The provision of the 1935 Philippine Constitution on religion mimicked the First Amendment to the United States Constitution, but the sentences "The free exercise and enjoyment of religious profession and worship, without discrimination or preference, shall be forever allowed. No religious test shall be required for the exercise of civil or political rights" were appended and this section became the basis for the non-establishment of religion and freedom of religion in the Philippines.
When the Philippines was placed under Martial Law by dictator Ferdinand Marcos, relations between Church and State changed dramatically, as some bishops expressly and openly opposed Martial Law. The turning point came in 1986 when then-Archbishop of Manila Jaimé Cardinal Sin broadcast over Church-run Radio Veritas an appeal for people to support anti-regime rebels. The people's response became what is now known as the People Power Revolution, which ousted Marcos.
Church and State today maintain generally cordial relations despite differing opinions over specific issues. With the guarantee of religious freedom in the Philippines, the Roman Catholic clergy subsequently remained in the political background as a source of moral influence especially during elections. Political candidates still generally court the clergy and other religious leaders for additional support, although this does not guarantee victory.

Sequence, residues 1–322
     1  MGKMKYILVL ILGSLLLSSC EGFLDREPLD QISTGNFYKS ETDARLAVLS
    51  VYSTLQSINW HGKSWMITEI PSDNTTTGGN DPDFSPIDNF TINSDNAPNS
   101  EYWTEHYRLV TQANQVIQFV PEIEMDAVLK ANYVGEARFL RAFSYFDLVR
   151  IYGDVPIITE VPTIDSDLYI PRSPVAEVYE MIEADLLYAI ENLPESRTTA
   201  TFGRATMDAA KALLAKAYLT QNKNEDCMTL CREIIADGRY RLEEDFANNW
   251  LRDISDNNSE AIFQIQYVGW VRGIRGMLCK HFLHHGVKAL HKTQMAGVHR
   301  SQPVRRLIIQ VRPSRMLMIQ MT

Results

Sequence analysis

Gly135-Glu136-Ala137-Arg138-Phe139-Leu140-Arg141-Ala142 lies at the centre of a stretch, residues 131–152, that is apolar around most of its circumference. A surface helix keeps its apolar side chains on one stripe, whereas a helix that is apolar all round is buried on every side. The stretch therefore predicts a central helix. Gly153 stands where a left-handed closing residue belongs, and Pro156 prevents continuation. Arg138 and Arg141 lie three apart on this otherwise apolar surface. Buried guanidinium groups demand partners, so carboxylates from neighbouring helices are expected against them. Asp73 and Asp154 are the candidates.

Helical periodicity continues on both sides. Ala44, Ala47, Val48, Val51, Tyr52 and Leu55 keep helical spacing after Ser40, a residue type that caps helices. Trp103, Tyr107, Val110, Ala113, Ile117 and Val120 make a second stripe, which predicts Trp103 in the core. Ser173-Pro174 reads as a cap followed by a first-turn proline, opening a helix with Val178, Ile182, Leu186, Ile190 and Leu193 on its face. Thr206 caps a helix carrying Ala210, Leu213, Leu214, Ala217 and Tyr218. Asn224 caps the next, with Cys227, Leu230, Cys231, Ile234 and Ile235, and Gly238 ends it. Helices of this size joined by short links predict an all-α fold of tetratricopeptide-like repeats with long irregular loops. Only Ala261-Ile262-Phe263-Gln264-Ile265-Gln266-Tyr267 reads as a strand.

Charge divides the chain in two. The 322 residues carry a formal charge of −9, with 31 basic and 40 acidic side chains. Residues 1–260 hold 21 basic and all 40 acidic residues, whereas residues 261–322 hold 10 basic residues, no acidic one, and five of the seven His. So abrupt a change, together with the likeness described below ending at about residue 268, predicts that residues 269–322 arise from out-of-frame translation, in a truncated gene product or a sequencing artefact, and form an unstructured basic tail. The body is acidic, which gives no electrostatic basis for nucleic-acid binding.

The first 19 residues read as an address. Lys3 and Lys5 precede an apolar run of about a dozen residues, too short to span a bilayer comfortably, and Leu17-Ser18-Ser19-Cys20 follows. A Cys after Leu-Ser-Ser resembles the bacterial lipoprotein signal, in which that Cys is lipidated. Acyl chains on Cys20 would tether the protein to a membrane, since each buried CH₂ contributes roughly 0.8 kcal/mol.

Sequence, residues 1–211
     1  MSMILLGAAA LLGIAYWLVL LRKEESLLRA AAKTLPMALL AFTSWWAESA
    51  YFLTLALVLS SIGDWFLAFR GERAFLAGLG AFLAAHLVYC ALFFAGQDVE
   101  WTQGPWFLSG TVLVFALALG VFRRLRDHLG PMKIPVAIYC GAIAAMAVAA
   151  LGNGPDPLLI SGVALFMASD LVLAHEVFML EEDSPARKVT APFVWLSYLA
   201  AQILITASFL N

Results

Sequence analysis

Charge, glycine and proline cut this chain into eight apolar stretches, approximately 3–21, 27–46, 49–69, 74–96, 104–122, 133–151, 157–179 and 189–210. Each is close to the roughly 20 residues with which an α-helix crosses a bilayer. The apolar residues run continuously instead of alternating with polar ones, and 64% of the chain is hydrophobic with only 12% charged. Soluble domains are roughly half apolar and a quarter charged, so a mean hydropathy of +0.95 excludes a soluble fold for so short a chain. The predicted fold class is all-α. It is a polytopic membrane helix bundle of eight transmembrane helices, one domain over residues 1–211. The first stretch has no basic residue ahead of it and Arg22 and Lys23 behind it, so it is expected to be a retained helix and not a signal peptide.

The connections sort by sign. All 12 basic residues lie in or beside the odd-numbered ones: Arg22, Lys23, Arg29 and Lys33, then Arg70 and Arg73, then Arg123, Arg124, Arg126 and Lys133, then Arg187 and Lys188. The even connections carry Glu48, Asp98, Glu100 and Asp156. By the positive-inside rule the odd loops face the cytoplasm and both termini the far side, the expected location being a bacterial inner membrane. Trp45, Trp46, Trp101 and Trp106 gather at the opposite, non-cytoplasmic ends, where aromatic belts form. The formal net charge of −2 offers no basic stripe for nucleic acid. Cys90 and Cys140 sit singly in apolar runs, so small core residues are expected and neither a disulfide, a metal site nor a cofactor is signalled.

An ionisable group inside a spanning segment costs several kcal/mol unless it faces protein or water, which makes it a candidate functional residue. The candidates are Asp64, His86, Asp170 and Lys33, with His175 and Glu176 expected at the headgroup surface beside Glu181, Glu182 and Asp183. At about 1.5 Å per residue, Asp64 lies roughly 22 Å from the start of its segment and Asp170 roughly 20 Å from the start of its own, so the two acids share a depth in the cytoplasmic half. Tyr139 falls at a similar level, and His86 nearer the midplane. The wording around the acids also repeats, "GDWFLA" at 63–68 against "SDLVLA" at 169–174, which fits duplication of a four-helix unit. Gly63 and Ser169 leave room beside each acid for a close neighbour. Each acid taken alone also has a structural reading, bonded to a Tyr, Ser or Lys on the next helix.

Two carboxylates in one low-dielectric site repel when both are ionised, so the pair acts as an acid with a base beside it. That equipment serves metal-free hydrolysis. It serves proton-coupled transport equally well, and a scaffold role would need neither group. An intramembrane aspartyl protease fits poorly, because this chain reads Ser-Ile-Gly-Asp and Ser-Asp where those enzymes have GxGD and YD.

Internal movements 
Catholic Charismatic Renewal 
A number of Catholic Charismatic Renewal movements emerged vis-a-vis the Born-again movement during the 70s. The Charismatic movement offered Life-In-the-Spirit seminars in the early days which have now evolved and have different names. These seminars focus on the Charismas or gifts of the Holy Spirit. Some of the Charismatic movements were the Assumption Prayer Group, Couples for Christ, El Shaddai, Kerygma and the Shalom. Charismatic movements profess to be ecumenical, similar to the evangelical and Pentecostal Christians; in fact, many non-Catholic Christians also join this movement. Even though the movement is ecumenical, majority of its adherents are Catholics, in addition, leaders and speakers in these groups are sometimes Catholic priests.
Neocatechumenal Way 
The Neocatechumenal Way in the Philippines has been established for more than 25 years. The Neocatechumenal communities number more than 700 and are found all over the Philippines with main concentrations in Luzon (Manila) and the Visayan Islands, especially in Panay, particularly IloIlo province with over 120 communities. This faith-based initiative which centres on rediscovering the Baptism has spread rapidly in the Philippines and has the strongest presence in Asia, and remains to be one of the strongest presences in the World. A Neocatechumenal Diocesan Seminary, known as a Redemptoris Mater Seminary is also present in Manila, as well as many families in mission in many of the Philippine Islands. The Neocatechumenal Way is a reality within the Roman Catholic Church and its efforts are mostly concentrated on evangelization initiatives. It is under the authority of the local Bishop. Membership in the Philippines now exceeds 25,000 persons.
Papal visits 
- Pope Paul VI was the target of an assassination attempt at Manila International Airport in the Philippines in 1970. The assailant, a Bolivian Surrealist painter named Benjamín Mendoza y Amor Flores, lunged toward Pope Paul with a kris, but was subdued.
- Pope John Paul II visited the country twice, 1981 and 1995. The mass of the late pope in Manila (1995) was recorded to have been attended by 4 million people, the highest number ever recorded in papal history.
- Pope Benedict XVI declined the invitation of Cardinal Gaudencio Rosales and CBCP President Angel Lagdameo to visit because of a hectic schedule.